“Want me to knit you a bacon scarf?” Diane asked, and unwittingly launched my search for arts and crafts with a bacon theme. She said she could probably “fake up” a pattern. Thinking back, I’m not entirely sure whether she planned to knit it from the actual fatty meat product. In which case, er, no…
But this Unsettlingly Real-Looking Felted Bacon Scarf in merino wool is both amusing and completely wearable — at least, in cool weather and possibly not around those of my vegan pals who tend to get queasy at the sight of meat.
By the way, if you just dropped in (hello there!) and you’re wondering what the heck all this pork-related nonsense is about, please do skip back to Virtual Collection: Bacon Bits – Part 1 for the explanation.
It’s as good an explanation as anyone’s likely to come up with… except maybe for Revison3’s Lil Internet Superstar:
But enough of that.
We’ve got loftier ambitions for our pork products!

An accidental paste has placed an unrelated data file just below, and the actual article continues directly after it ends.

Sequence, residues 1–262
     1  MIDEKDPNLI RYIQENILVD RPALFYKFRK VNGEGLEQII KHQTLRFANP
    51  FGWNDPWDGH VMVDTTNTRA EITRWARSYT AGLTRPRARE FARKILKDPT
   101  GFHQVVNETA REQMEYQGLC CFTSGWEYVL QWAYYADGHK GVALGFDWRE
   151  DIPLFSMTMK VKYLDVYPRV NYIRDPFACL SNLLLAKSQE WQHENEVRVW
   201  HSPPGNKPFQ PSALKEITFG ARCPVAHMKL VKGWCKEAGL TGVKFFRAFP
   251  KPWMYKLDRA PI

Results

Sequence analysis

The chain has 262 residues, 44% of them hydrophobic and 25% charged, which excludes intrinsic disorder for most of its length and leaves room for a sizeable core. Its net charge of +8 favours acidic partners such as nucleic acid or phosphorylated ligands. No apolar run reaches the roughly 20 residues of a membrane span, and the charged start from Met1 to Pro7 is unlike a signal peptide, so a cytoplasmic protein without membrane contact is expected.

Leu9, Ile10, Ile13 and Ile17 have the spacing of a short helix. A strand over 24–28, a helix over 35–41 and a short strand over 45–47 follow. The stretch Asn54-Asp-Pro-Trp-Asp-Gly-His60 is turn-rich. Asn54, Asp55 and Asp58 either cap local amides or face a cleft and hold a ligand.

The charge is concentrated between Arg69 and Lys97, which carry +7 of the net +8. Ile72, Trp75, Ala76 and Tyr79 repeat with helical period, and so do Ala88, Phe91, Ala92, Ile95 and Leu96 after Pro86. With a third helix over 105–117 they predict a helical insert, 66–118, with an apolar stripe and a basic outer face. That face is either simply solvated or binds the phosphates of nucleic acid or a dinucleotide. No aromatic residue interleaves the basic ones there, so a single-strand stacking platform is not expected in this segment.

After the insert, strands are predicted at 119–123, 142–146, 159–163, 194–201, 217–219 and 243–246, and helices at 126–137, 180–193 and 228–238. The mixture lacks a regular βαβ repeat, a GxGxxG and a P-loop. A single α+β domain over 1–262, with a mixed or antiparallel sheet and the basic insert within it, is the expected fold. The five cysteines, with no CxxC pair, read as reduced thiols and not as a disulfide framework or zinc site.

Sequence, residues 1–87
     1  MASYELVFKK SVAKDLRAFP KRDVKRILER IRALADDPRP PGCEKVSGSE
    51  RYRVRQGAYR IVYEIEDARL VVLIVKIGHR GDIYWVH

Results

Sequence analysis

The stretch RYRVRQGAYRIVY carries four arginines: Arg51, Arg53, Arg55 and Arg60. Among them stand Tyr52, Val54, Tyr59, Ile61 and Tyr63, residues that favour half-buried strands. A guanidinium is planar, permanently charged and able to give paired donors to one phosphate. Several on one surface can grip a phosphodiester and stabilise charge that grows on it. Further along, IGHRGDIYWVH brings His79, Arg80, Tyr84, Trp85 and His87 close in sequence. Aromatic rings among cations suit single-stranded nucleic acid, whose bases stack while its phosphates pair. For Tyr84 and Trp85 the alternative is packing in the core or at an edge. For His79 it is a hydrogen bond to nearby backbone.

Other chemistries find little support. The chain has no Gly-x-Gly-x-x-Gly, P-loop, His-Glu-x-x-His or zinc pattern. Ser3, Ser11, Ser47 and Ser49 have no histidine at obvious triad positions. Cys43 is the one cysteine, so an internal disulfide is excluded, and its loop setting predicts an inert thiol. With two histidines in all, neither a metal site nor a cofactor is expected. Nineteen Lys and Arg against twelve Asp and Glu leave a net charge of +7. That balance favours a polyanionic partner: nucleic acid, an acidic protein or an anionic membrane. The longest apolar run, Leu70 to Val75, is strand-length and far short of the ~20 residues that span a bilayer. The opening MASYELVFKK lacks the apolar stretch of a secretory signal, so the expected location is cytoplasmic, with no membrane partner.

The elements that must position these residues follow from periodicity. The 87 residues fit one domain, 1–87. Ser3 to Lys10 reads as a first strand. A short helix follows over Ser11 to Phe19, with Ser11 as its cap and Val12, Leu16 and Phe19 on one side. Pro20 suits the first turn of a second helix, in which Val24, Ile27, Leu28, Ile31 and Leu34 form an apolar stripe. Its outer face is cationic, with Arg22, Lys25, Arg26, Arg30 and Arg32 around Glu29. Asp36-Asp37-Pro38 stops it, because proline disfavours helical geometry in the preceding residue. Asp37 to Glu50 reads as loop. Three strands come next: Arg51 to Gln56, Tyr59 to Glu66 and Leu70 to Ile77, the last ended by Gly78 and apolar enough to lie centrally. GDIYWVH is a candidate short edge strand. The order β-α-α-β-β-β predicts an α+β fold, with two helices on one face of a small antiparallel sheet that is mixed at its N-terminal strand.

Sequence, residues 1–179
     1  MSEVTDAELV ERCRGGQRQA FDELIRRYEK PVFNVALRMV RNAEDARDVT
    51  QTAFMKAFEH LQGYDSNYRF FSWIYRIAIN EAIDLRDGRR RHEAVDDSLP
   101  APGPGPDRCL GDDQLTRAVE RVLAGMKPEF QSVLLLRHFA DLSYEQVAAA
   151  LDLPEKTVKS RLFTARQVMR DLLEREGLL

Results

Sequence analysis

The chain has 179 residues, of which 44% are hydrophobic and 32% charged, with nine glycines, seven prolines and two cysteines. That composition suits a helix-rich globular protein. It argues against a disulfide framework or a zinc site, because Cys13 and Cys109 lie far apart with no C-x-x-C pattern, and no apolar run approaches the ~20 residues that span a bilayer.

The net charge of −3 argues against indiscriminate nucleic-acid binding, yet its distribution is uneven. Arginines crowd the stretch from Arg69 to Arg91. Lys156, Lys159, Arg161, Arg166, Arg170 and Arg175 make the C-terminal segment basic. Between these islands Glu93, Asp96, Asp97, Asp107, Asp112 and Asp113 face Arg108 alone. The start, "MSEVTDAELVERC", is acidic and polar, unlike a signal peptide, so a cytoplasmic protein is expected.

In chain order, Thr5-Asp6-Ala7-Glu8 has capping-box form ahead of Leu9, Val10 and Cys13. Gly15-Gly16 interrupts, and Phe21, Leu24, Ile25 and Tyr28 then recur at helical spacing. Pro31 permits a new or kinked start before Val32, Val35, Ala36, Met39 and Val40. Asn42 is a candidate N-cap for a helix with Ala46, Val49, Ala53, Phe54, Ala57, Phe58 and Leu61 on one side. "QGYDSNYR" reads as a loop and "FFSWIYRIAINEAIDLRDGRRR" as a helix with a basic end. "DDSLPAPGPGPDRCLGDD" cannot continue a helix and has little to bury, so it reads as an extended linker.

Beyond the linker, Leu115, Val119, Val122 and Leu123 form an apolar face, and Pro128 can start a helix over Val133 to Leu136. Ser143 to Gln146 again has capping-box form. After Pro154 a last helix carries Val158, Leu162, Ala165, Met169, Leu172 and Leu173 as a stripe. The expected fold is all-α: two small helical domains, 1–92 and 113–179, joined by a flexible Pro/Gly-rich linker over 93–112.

Bacon in Art and Crafts
(I’m pretty sure that Bacon in Art is an actual Library of Congress catalog heading. Okay, maybe not, but I do remember filing something under Pigs in Art back in my summer-job-in-library days. And yes, it was filed correctly.)
Bacon, when raw, lends itself to weaving and shaping. Cook it and it holds its shape. What better craft material?
Instructables.com teaches you how to make your own fashion-forward bacon placemats, the inspiration for NotMartha.org’s famous bacon baskets and breadless BLT.
Or you can deconstruct your bacon for a home science experiment by making bacon soap (bacon-shaped soap molds not included), though the 2-week wait — to cure the added lye so it won’t burn your skin — may discourage all but the keenest of patient crafters from trying it.